Copycats

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As somebody in the team described it, “it’s like Chinese whispers, but with pictures”. The inspiration for this game came from a children’s TV game show called copycats.

Timing:

A team of 5 people with two rounds and a intro and debrief for each round took 20 minutes in total.

Materials: 

A team of 5+ people, if larger could be split into two teams.

A way of timing, phone with stopwatch etc.

Post-its and pens.

Whiteboard or Flip chart + pens.

Instructions:

The concept of the game is for the team to communicate a picture through each member of the team and ending up with the last person drawing the same picture on the white board at the end. As somebody in the team described it, “it’s like Chinese whispers, but with pictures”.

The rules:

Each person only has 2 seconds to look at the picture.

Each person has only 15 seconds to draw their picture.

No talking until the end.

The team need to shield their post-its drawings from the others while the game is in progress.

The Flow:

It starts with a Product Owner (the facilitator in this case) describing to one of the team what he wants them to draw, this can be verbally outside the room or already written on a card/post-it. The next person then has 2 seconds to look at the drawing and has 15 seconds to draw the object and then show it to the next person… and so on. The final person in the team can use the whiteboard and draw the last picture in front of the whole team. Starting with the last person the PO then goes through the team asking in turn to guess what they thought the picture was meant to be. The team then scores 1 point for each person who guesses the answer correctly. (for example if by going back through the team the 3rd person in the chain guesses correctly then they earn 3 points)

The running:

Arrange the team around the table and give them each some post-its and pens. Describe the concept of the game and the flow, then ask for a volunteer to start or which way round the table the team would like to go.

Get the stop watch ready.

At this point it is best to have some objects/things already written on cards for the team to draw (real world items are best: lighthouse, car, umbrella, bottle etc.)

Start the timer and show the first person the name of the object. Then keep the timings and instruct the team when to move on. At the end encourage the last person to standup and draw their picture for the team. Then proceed through the team asking them to guess of the picture, and ask what the team were thinking during the game, what were the challenges etc. Facilitate.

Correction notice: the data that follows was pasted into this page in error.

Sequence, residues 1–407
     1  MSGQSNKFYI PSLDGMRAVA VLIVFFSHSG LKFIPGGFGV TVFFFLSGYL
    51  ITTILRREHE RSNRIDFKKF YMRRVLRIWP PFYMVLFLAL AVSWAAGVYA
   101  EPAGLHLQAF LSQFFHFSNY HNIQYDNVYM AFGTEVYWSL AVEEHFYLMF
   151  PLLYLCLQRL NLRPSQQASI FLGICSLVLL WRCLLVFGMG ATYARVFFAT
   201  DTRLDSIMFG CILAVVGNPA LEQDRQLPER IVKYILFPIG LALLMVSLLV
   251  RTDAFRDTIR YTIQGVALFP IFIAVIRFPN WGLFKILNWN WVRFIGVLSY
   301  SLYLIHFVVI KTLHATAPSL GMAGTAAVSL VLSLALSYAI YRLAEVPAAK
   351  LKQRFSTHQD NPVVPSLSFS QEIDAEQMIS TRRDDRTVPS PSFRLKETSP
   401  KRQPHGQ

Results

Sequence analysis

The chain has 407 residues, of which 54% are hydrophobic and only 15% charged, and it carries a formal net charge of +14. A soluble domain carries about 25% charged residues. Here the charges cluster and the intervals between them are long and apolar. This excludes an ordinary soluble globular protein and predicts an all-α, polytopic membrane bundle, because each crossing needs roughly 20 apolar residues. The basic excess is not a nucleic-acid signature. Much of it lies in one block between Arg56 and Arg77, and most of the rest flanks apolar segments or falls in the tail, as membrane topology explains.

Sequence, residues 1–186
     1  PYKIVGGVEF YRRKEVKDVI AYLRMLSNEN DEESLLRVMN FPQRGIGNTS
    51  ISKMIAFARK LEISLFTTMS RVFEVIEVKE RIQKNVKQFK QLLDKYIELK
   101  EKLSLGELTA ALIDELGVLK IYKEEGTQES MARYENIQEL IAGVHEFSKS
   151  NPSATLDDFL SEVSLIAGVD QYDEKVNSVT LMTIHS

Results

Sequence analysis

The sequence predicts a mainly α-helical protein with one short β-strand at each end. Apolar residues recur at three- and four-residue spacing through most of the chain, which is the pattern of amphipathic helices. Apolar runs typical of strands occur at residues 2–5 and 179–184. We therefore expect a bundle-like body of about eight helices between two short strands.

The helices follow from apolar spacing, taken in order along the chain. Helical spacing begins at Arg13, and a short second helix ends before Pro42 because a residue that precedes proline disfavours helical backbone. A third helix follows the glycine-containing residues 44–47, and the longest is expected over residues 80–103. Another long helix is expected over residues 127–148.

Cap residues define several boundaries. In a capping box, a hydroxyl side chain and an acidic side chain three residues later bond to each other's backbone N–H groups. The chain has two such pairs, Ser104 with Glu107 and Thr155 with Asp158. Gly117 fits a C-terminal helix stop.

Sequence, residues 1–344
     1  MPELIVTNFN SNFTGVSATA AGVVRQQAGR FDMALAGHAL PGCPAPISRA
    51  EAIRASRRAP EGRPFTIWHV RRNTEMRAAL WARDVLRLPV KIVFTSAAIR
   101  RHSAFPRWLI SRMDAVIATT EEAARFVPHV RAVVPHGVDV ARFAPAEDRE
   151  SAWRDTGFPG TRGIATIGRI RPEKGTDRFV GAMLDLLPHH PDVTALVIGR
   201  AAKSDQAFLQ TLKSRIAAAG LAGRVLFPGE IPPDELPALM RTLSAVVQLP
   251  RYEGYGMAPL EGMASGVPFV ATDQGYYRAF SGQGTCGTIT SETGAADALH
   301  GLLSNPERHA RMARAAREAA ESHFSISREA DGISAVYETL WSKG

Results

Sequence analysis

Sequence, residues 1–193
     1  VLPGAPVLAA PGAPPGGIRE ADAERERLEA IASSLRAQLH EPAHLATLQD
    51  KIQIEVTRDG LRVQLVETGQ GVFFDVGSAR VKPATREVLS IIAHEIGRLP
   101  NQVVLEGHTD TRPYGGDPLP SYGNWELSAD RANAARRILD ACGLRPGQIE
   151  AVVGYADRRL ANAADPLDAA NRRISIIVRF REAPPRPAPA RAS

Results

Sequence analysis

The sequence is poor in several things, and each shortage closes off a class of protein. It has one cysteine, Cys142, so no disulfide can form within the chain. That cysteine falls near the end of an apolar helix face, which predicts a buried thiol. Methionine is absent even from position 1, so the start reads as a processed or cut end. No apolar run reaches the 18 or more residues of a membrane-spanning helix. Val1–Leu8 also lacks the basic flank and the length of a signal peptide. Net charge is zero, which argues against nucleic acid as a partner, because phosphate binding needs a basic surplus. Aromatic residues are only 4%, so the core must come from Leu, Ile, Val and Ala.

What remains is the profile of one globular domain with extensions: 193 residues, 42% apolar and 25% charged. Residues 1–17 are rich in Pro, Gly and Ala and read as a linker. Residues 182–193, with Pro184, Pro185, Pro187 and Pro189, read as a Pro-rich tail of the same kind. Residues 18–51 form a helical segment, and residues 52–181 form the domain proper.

Learning Points: Discussion and facilitation guidance

There are several themes going on here, the communication of visual concepts, the rush and timings, the lack of negotiation and requirements clarity.

The most enlightening moment was when asked in the second round why they nearly all got the same drawing, one of the team said “it was because I consciously didn’t add to the drawing”. Meaning they didn’t solutionise, add to, or draw what they think it ought to be they merely copied the previous drawing. This for me captured the relevance to software development where requirements are misinterpreted and then expanded by the developers without the communication loop from “doing the right thing” to “doing the thing right”.

The first one started off as a bottle, the second a banana :)

 

 

 

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3 Responses to "Copycats"
  • Rachel Davies February 6, 2013 at 2:55 am

    I think I have seen a variation on this game where the players alternate between drawing a picture and describing in words. player 1 draws, player 2 writes description of pic, player 3 draws from written description, etc

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  • Andy Hiles February 7, 2013 at 3:35 am

    Yeah, its quite a simple game to do, it would be really interesting to see this played in a really large group and track back to explore where the pictures started to become distorted from the original.

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  • Tim Leegstra January 10, 2014 at 8:16 am

    Just used this game for a Scrum retrospective with a group of 6 people. Easy to do and a lot of fun. We even did a third unplanned round because everyone liked it so much.

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